(Reuters) – Xerox Corp (XRX.N) posted a better-than-expected quarterly profit on Tuesday, but cut its full-year revenue forecast citing organizational changes, primarily in North America.
Shares of the U.S. photocopier maker were down 3.5% at $32.72 in trading around noon.
Xerox scrapped a complex deal last year to merge with Japan’s Fujifilm Holdings Corp (4901.T) after it ran into strong opposition from activist investors Carl Icahn and Darwin Deason.
Since then, the company has taken initiatives to streamline its business under the new management led by Chief Executive Officer John Visentin, an Icahn appointee.
Xerox now expects 2019 revenue to fall 6%, compared with a 5% decline it had estimated earlier.
Total revenue for the second quarter fell nearly 9% to $2.29 billion, as businesses continue to cut spending on printers and photocopiers.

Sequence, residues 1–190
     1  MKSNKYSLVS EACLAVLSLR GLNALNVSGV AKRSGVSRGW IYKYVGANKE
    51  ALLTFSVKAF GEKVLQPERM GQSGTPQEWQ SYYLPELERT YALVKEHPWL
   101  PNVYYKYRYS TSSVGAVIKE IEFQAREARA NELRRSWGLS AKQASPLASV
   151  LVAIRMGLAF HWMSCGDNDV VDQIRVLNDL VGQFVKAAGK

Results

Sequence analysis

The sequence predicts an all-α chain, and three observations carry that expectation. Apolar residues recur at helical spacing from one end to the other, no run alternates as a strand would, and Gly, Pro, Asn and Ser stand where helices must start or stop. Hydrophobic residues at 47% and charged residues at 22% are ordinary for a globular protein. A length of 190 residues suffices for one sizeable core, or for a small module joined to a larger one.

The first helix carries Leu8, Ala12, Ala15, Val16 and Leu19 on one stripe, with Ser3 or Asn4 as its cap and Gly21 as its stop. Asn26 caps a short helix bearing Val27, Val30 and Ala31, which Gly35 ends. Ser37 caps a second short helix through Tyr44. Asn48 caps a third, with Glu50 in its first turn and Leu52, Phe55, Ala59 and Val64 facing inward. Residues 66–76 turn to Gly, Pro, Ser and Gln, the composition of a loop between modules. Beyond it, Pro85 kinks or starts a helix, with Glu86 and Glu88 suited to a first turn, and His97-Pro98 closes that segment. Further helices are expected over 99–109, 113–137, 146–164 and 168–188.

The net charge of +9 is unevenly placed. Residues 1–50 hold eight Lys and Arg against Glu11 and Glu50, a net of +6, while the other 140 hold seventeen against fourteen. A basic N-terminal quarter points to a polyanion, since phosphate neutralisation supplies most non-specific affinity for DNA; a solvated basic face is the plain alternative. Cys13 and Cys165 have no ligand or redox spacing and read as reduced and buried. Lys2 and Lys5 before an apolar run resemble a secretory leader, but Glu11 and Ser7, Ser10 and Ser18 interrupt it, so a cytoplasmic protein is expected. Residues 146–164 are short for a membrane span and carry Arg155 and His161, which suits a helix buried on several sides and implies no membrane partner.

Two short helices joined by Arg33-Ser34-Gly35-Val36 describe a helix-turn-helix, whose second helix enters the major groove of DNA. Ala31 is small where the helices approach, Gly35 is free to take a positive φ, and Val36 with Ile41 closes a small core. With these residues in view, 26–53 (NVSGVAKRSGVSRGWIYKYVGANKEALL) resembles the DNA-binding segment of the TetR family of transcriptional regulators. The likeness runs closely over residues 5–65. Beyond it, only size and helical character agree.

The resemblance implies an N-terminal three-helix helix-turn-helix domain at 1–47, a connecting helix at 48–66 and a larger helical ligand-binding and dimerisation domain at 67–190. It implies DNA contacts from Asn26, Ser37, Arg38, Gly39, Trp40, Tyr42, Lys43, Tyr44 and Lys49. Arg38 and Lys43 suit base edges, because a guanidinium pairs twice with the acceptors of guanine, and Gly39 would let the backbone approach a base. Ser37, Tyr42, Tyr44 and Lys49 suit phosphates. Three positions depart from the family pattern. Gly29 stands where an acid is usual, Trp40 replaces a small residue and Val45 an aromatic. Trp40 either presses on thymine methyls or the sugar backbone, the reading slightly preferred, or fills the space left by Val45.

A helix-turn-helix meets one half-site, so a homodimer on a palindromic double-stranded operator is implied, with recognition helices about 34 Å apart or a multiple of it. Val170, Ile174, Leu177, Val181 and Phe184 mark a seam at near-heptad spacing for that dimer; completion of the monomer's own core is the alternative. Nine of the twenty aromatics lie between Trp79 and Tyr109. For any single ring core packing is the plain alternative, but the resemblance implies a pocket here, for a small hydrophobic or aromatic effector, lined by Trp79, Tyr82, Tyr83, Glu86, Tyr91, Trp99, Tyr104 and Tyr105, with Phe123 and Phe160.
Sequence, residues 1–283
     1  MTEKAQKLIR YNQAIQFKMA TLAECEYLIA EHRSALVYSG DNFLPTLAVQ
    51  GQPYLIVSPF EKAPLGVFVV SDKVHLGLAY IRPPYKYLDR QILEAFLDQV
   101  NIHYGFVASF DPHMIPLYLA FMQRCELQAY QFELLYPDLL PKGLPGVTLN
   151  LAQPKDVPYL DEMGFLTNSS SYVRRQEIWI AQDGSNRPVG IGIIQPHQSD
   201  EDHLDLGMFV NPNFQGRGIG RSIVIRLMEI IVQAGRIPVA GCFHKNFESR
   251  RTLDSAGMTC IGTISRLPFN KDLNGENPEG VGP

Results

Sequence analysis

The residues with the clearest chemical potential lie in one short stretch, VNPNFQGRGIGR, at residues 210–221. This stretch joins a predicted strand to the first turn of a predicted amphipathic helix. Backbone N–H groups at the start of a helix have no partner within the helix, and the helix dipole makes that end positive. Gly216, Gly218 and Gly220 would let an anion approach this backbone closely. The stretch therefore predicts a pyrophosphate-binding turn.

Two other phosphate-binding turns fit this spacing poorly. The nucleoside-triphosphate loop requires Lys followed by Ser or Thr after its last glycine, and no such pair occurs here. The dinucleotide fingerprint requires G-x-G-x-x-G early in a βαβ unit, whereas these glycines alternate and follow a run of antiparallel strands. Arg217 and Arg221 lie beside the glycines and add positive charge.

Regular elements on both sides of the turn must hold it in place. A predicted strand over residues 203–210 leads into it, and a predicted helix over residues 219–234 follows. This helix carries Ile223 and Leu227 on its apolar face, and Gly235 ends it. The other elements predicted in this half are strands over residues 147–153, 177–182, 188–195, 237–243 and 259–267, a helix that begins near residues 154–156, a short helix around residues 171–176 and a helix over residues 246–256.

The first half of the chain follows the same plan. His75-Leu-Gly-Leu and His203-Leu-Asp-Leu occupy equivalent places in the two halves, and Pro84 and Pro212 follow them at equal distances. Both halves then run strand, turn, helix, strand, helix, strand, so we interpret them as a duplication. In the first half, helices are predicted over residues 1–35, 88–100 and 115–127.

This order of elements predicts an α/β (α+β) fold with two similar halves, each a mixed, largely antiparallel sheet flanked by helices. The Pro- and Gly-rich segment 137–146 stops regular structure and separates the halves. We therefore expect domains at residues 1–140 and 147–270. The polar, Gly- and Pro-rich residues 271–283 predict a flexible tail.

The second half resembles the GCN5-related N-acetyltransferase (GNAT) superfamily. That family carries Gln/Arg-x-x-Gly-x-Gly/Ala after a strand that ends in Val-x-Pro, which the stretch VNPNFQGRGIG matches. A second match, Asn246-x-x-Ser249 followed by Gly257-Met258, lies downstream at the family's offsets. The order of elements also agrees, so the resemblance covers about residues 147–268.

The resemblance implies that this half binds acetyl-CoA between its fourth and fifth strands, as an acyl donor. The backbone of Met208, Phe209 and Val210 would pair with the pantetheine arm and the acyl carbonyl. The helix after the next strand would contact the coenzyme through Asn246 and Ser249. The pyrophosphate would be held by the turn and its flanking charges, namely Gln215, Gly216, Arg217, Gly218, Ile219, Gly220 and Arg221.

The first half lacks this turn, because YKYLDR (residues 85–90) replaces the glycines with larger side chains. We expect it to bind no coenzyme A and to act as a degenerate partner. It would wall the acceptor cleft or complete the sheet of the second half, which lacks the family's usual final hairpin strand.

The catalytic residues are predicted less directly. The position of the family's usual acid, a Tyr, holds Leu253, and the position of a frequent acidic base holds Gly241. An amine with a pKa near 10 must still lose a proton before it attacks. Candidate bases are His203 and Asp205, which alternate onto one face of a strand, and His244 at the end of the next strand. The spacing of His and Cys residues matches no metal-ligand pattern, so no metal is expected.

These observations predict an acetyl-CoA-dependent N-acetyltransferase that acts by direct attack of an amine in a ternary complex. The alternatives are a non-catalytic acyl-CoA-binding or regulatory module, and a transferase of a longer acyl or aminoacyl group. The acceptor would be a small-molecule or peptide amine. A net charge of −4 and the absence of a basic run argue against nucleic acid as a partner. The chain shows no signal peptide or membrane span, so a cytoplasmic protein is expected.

Analysts had expected revenue of $2.32 billion, according to IBES data from Refinitiv.
“Results were due to weaker economic conditions in Western Europe and certain developing markets and continued operational impacts in the United States we identified last quarter, albeit improving as the quarter went on,” Visentin said on a post earnings call with analysts.
Net income attributable to Xerox rose to $181 million, or 77 cents per share, in the three months ended June 30, from $112 million, or 42 cents per share, a year earlier.
Excluding items, the company earned 99 cents per share, above estimates of 88 cents.
Reporting by Munsif Vengattil in Bengaluru; Editing by Anil D’Silva